No Global South in Economic Development, Smita Srinivas (2018, forthcoming)

 

The Routledge Companion to Planning in the Global South due out in 2018

https://www.routledge.com/The-Routledge-Companion-to-Planning-in-the-Glo...

Smita Srinivas (forthcoming, 2018) "No Global South in Economic Development" in G. Bhan, S. Srinivas, V. Watson (Eds.) Routledge Companion to Planning in the Global South (Routledge) argues that we may have overused the label "Global South" to make sweeping arguments about developing countries that are not quite proven by the evidence. Countries, regions, and sectors have pulled away across the developing world, so is there  shared "South"? Are we asking too little of public governance and the state in development outcomes?

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This proposal would enable nationals working abroad to transfer knowledge and to invest in home countries. The Least Developed Countries Report 2012, subtitled Harnessing Remittances and Diaspora Knowledge to Build Productive Capacities, addresses the issue.

There is historical evidence linking waves of migration with the fortunes of nations in different industries.  Post WWII German and other European immigration to the US and the subsequent boom in several sectors; Indian immigration of professional classes of doctors and engineers to the US from the 1950s and then a new wave of computer industry workers later; and now also Syrian and other doctors and engineers, natural scientists and economists moving to Europe.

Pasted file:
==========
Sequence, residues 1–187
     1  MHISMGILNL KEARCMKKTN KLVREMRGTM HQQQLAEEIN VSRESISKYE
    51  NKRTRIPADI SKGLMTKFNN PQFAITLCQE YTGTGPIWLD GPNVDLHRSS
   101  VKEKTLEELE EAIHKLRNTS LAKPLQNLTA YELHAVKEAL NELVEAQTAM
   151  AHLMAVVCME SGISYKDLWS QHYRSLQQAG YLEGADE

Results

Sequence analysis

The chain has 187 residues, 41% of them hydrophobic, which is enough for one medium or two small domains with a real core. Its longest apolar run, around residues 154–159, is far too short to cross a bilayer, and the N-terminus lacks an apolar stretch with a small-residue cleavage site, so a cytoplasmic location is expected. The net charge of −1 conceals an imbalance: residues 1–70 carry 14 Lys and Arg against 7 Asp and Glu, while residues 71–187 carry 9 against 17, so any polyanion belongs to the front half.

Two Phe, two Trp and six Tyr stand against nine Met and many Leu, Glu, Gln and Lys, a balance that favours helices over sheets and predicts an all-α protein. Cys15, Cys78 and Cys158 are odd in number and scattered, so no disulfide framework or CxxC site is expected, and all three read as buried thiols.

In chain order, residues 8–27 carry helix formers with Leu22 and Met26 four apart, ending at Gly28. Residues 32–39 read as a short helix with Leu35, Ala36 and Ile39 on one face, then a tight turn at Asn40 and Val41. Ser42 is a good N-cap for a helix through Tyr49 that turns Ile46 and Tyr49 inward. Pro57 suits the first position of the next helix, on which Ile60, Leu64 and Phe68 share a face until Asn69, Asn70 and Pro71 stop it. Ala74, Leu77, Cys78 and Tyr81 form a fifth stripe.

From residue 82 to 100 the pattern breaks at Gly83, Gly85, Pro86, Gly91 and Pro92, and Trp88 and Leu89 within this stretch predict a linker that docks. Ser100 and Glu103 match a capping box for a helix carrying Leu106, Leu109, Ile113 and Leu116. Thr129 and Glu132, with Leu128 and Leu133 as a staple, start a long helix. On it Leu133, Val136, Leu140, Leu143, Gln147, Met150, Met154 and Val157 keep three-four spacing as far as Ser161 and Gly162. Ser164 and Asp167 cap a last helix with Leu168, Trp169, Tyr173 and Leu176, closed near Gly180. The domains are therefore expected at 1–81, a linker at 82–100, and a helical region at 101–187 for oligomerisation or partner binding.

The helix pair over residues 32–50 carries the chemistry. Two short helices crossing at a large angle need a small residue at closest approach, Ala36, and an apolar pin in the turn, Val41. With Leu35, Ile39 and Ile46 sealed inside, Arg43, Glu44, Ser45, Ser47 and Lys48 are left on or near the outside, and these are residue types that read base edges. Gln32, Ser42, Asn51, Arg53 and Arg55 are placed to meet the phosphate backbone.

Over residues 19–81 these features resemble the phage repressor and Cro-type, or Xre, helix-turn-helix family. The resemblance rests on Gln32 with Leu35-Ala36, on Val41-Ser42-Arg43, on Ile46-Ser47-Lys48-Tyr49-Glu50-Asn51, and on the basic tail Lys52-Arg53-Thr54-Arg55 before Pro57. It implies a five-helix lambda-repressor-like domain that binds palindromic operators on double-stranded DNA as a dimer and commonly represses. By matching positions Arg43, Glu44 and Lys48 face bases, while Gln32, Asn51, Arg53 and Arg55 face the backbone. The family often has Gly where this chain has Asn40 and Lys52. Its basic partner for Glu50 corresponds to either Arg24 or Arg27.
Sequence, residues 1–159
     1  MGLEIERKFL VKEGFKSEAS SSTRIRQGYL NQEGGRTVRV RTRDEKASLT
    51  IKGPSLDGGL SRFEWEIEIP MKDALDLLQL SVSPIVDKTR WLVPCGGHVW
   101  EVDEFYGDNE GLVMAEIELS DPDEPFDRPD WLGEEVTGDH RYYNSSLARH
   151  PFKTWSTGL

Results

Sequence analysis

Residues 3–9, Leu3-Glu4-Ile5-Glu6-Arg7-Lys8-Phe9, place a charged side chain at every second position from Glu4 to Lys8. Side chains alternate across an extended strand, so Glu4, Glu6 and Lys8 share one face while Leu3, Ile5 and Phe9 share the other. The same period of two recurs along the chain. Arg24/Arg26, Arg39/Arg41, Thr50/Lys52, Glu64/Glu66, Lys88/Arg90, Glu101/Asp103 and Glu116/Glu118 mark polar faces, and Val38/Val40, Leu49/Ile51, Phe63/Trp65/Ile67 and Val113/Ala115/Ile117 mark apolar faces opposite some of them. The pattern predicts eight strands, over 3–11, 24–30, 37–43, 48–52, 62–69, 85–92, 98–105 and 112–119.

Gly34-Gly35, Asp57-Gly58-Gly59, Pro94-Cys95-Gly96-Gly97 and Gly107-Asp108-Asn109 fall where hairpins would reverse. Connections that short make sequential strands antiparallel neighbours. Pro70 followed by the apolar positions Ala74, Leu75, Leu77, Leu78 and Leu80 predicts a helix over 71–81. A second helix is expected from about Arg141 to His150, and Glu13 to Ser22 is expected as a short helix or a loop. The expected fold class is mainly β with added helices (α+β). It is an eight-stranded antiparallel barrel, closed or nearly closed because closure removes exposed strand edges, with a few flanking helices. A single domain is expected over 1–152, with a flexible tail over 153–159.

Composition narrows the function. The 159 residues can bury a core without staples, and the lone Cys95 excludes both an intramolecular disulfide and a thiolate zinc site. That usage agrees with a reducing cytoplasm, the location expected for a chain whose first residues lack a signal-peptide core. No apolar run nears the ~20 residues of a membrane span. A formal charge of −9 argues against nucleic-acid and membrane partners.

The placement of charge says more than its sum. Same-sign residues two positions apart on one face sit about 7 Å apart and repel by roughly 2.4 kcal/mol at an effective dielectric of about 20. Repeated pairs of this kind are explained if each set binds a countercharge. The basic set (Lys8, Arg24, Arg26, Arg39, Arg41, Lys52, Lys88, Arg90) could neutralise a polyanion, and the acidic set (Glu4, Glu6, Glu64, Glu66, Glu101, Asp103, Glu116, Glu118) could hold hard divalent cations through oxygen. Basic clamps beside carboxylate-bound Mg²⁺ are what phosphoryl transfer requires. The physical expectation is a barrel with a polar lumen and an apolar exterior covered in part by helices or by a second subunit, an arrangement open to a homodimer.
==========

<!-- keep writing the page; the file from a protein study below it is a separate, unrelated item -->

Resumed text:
With great pleasure we share a new 2018 book by former TCLab Fellow Jose Eustaquio Vieira Filho and the esteemed Albert Fishlow:  "Agriculture and industry in Brazil: innovation and competitiveness". Published by the Institute for Applied Economics Research (IPEA)

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From Columbia Global Centres:

This article argues that the technological innovation is a contextual process whose relevance should be assessed depending on the socio-economic condition it is embedded in. Without this, technology-led economic policies (of Catch-Up varieties) are unlikely to meet the needs of most people, especially in countries where innovation and poverty reside side by side. We analyze micro-level account of the cognitive and socio-economic context within which innovations arise and argue that a process of real importance is being sidelined: the ability to innovate under 'scarcity' conditions.